My first "all hardware" project.

Hi all, long time since I've been on. I'm working on a small circuit with a laser and LDR as a trigger system and a self charging capacitive timer to hold a solenoid energized.
I'm having a problem with the triggering effect not working and I'm not getting correct voltage on my solar power circuit after the 2.4v Zener.
shouldn't the full battery voltage be passing through the Zener?

I'm using a battery to simulate a solar panel at the moment.
(yes, I checked the battery voltage. It is at 3.8vdc.)

the current operation of the circuit holds the solenoid energized in all conditions, until battery is disconnected.

attached is the circuit diagram.

please shed some light on this...…..pun intended :slight_smile:

.

LandonW:
I'm having a problem with the triggering effect not working and I'm not getting correct voltage on my solar power circuit after the 2.4v Zener.

Hi,
What should the triggering effect be?
What is doing the triggering?
What delay do you need?
Is the solenoid a "relay" to switch the laser ON and OFF.
We need much more information thanks.
Tom...... :slight_smile:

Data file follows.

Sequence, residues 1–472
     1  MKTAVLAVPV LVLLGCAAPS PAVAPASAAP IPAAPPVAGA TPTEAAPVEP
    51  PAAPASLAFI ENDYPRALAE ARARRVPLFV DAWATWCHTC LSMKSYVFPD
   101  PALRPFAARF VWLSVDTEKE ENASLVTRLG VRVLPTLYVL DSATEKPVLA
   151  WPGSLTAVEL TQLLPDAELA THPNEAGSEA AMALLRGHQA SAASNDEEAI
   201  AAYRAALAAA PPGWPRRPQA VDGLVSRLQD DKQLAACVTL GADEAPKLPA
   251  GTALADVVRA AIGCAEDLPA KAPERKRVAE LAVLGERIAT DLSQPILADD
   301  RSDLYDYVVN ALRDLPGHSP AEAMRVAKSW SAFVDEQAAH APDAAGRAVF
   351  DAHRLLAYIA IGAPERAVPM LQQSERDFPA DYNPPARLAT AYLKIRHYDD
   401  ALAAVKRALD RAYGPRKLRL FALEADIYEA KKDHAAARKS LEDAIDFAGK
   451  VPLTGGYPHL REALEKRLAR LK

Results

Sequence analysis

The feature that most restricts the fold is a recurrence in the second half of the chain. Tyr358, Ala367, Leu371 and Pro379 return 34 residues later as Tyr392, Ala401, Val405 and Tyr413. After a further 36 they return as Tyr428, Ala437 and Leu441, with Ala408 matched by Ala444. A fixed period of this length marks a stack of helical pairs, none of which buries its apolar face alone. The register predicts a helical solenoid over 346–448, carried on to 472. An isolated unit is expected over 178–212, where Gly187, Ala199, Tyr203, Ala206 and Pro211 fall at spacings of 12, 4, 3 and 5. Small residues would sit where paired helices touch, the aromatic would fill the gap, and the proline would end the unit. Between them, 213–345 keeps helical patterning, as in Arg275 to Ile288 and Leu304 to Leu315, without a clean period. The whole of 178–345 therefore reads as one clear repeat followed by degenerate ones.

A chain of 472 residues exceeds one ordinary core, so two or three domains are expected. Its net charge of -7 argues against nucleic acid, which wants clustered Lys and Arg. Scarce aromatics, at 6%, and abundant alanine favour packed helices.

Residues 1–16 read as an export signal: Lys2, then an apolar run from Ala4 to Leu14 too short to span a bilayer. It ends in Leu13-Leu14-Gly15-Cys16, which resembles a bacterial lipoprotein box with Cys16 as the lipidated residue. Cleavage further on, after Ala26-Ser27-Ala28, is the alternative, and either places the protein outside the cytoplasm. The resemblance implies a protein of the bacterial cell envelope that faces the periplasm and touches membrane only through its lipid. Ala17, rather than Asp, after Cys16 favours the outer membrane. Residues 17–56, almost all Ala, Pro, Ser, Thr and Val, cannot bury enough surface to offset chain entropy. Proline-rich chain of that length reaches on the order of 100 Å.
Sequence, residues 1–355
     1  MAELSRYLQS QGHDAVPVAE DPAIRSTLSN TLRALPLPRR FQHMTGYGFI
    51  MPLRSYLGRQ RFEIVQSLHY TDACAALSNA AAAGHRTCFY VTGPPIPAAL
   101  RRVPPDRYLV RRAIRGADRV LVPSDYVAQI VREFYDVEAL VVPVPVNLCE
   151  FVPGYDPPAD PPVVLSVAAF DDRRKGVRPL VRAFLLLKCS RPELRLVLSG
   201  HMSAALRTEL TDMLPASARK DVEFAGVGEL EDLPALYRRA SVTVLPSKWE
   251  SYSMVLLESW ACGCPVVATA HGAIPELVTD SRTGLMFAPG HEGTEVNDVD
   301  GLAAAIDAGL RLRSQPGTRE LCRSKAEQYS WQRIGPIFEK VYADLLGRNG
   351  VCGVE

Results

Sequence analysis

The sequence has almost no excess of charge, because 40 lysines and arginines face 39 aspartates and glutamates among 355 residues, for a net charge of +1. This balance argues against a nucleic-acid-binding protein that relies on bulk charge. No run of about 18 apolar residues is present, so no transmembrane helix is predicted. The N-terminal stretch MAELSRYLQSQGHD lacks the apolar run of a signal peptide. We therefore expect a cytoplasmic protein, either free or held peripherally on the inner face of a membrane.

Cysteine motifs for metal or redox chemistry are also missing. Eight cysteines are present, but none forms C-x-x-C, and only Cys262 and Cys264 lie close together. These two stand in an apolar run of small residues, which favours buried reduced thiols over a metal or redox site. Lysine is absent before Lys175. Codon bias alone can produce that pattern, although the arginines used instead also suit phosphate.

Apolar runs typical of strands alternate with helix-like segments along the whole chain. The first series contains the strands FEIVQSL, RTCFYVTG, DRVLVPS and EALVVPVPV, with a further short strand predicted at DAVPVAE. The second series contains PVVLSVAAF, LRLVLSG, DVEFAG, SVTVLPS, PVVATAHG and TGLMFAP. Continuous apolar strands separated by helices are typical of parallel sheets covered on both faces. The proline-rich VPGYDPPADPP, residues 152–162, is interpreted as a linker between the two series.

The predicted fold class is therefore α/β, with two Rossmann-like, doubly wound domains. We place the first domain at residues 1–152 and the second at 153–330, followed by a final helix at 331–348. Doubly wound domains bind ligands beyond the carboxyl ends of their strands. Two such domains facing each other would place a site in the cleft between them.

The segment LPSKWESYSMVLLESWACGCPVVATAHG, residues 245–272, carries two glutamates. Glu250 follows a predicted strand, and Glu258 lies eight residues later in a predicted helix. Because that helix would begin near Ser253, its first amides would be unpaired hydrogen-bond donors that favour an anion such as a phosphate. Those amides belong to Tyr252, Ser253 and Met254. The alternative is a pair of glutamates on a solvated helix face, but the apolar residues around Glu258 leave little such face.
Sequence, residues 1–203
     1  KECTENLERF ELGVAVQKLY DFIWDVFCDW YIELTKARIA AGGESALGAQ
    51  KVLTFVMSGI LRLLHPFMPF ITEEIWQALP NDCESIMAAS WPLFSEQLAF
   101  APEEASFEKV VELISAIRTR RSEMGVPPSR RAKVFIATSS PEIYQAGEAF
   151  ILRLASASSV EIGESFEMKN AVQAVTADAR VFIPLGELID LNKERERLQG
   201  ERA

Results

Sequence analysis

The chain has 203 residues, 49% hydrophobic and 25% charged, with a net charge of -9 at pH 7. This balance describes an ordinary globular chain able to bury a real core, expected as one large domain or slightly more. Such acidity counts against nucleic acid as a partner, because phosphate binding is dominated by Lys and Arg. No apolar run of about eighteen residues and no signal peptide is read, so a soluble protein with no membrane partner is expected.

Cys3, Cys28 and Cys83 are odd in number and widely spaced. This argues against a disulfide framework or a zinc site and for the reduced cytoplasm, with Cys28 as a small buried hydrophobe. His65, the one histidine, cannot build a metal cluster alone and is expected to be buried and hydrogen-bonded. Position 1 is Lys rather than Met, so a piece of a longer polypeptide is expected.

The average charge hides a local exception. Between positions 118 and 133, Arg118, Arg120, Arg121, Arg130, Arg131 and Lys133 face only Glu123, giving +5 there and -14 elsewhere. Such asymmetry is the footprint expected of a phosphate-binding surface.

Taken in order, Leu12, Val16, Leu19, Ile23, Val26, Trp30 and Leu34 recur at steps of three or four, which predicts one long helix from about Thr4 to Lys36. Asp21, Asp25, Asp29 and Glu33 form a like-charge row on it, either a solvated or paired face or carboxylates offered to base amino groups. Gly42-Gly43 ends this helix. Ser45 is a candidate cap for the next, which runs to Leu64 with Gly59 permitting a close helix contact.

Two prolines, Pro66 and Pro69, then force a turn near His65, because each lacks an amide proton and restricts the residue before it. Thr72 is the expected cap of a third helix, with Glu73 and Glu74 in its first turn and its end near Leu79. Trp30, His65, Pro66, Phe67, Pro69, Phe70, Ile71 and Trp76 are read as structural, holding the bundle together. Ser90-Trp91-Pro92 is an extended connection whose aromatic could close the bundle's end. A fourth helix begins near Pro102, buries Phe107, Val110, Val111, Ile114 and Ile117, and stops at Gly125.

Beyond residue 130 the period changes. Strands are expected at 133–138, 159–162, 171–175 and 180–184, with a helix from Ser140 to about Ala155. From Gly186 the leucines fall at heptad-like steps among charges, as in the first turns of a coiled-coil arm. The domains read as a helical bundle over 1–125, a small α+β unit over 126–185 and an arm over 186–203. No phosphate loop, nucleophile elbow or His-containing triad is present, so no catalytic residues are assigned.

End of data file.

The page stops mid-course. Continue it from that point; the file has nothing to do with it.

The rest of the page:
As far as I can tell it's supposed to run the laser all the time, and when the laser beam is broken it turns the relay on and off (after a time delay) but only when the solar panel is illuminated.

Why would you expect to have the full battery voltage at SP+ when it's being driven by the solar panel and there is a voltage divider formed by the 500r and 2k resistors? Is that voltage at that point high enough to meet the minimum gate voltage and turn the mosfet on?

The laser diode with it's and current limiting resistor makes sense (although it's not a good way to drive a laser diode). And the mosfet driving the relay make sense. But nothing else does. If this is a simple capacitor based time delay there's no reason to use a regulator. And the remainder of the light sensitive circuit is overly complicated.

More info as requested....
The circuit is meant to function only in the day time. The 2.4v zener is meant to be a control against running the battery dead when/if light conditions aren’t great.
The voltage I’m getting after that zener is only 2.4v
It’s acting like it’s clamping when it’s not wired to behave like that. I realize there is a voltage divider in a few spots, that’s why I asked if the “pull down” resistors needed to be a greater value.

As of now, the solenoid is energized at all times with battery and using a battery to simulate solar power.
The laser is on but dim. I even removed the resistor from the laser section of the circuit and it is still dim. When I aim the laser at the LDR the solenoid stays energized when it shouldn’t be.

The plan is for when something breaks the beam then the solenoid will energize and only in the day time.

I'd break the whole project down into chunks.

Have you proved that the circuit to detect daytime actually detects daytime?

Have you taken into account that they way the zener is wired in the circuit the circuit will not operate as you want?